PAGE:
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Letting nature flourish in Nottinghamshire

29 September 2021

Bee-Road Councillor Neil Clarke.jpg

Nottinghamshire now has over 15 wildlife friendly verges as part of the county council’s commitment to supporting nature and wildlife.

Sites where verges are now only cut once per year are:

  • Causeway Lane, Gamston
  • High Cross, Bleasby
  • Worksop Road and the B6034, Edwinstowe
  • Westfield Lane, Collingham
  • Newhall Lane, Edingley
  • Highcross Hill, Halloughton
  • Kneesall Road, Kersall
  • Kneesall Road, Laxton
  • A1133 Gainsborough Road, Spalford
  • A1133 Gainsborough Road, Weecar, Girton
  • A1133 Gainsborough Road, Weecar, Girton
  • A1133 Gainsborough Road, Weecar, Girton
  • Hose Lane, Clawson
  • Bridegate Lane, Hickling Pastures
  • Station Road, Widmerpool

Nottinghamshire County Council is planning to introduce a further 11 of these verges where the levels of maintenance are reduced to allow wildflowers to grow.

Other areas including the A6097 East Bridgford junction, the A608 verges at Sherwood Business Park and Corkhill Lane in Southwell have been planted with wildflowers to help attract wildlife and improve the environment.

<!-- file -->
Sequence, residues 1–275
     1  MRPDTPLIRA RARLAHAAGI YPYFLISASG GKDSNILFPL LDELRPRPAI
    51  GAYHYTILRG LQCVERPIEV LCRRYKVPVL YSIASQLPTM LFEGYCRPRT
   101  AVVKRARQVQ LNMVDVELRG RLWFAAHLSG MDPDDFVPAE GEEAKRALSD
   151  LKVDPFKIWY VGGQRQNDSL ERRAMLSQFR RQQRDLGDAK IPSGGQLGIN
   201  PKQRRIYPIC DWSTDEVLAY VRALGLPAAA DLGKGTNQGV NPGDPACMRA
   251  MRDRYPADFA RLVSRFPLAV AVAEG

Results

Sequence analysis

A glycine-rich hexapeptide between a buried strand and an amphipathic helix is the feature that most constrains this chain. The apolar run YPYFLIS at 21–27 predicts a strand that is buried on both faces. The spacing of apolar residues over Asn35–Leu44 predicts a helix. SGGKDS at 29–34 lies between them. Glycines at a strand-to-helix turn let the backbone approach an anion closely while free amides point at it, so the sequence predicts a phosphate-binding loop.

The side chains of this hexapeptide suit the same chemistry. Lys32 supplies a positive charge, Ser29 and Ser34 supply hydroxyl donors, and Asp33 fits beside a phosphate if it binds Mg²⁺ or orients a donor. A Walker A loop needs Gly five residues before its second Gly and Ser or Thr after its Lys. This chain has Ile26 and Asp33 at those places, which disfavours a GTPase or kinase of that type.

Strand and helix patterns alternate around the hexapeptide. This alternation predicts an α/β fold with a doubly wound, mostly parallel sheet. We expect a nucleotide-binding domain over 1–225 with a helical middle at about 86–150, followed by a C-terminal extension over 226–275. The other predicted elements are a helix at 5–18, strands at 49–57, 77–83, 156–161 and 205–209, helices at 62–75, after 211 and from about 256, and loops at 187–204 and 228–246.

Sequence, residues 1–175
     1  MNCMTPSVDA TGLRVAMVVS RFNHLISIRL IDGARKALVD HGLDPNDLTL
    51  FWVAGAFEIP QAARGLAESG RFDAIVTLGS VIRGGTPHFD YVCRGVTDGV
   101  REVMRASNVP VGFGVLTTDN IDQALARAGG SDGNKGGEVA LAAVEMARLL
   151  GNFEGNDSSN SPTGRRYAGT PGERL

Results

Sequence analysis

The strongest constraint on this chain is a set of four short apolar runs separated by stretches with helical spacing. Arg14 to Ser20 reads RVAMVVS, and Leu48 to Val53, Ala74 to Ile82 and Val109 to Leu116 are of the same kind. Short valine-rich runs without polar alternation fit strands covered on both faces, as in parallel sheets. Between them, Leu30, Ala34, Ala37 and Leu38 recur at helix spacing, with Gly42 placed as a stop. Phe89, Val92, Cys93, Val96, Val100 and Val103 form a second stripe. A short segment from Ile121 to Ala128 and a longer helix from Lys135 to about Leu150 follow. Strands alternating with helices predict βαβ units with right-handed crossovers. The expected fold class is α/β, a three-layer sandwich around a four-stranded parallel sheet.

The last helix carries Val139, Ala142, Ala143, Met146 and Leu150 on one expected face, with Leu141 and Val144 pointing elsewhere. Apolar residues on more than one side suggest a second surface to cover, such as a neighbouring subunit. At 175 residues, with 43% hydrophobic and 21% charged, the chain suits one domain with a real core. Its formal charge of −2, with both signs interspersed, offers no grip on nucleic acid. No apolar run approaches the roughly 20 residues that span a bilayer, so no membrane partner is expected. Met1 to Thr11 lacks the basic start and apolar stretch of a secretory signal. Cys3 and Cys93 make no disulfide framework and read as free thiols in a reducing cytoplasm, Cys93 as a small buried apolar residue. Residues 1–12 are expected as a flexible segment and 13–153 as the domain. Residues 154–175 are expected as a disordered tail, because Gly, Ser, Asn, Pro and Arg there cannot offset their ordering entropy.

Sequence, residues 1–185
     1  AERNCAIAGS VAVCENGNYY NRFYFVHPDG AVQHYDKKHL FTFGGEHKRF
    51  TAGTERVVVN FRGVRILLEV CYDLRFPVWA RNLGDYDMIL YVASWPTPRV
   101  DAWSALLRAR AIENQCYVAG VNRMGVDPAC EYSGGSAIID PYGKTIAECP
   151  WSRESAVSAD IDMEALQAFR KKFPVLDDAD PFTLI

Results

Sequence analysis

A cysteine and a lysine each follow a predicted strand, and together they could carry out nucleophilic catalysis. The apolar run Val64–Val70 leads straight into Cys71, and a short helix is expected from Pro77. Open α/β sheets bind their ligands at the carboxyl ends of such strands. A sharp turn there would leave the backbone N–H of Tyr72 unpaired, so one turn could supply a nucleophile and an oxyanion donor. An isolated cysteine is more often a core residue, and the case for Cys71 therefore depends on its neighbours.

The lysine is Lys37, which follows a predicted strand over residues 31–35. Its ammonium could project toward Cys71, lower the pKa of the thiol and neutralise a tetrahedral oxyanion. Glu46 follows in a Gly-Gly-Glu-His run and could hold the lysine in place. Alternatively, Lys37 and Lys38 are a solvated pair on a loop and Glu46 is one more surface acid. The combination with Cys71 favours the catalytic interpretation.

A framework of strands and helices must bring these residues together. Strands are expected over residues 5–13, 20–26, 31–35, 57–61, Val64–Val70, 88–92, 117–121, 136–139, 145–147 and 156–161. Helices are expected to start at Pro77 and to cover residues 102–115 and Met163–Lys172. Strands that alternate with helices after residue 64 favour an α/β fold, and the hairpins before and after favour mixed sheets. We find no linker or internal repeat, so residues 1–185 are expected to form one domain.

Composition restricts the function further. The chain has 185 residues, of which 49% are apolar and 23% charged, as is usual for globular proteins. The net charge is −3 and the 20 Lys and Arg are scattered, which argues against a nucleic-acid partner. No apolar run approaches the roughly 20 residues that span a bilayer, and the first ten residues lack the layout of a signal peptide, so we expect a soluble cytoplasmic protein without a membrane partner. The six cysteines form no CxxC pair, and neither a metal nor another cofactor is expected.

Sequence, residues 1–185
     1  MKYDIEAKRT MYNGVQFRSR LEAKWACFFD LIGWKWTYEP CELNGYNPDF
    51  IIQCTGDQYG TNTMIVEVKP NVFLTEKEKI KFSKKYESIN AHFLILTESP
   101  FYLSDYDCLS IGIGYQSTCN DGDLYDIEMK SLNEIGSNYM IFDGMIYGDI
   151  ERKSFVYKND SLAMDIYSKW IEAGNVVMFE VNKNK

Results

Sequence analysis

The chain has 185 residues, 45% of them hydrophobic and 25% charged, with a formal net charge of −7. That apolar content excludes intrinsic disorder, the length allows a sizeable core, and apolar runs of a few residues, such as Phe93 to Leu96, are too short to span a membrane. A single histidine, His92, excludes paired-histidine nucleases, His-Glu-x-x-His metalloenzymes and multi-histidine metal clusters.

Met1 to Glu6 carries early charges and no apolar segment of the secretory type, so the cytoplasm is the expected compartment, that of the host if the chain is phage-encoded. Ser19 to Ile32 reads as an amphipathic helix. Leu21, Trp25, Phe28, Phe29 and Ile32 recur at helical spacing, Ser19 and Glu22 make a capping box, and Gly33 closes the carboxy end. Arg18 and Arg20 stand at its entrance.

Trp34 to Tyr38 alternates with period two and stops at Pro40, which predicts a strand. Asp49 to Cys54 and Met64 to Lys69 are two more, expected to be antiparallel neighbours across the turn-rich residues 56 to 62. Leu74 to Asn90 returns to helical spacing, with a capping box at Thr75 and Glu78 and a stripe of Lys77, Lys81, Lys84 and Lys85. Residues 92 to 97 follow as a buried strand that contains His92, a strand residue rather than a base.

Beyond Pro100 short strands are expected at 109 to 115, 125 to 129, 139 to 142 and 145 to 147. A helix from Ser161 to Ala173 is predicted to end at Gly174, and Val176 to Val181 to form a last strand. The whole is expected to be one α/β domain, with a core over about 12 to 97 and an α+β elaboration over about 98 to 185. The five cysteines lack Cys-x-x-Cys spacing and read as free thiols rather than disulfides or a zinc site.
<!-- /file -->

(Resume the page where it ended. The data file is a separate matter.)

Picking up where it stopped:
The county council’s highways partner Via East Midlands has also planted more than 160 new trees along some of the county’s roadsides with plans for the same again this year.

Councillor Neil Clarke MBE, Chairman of the Transport and Environment Committee, said: “This is an excellent initiative and it is really pleasing to hear that more wildlife friendly verges will be rolled out across Nottinghamshire.

“We recently installed signs at these locations to explain that these verges have a reduced cutting frequency and the feedback so far from local communities on this scheme has been positive.

“But although this excellent initiative has been a real hit, it’s important to note that it is not possible for us to do this on all verges across Nottinghamshire.

“This is because road safety for all highways users will always be a top priority for us, but as we look towards the future, we will look to add more sites into the wildlife friendly verge programme where it is safe to do so.”

ENDS

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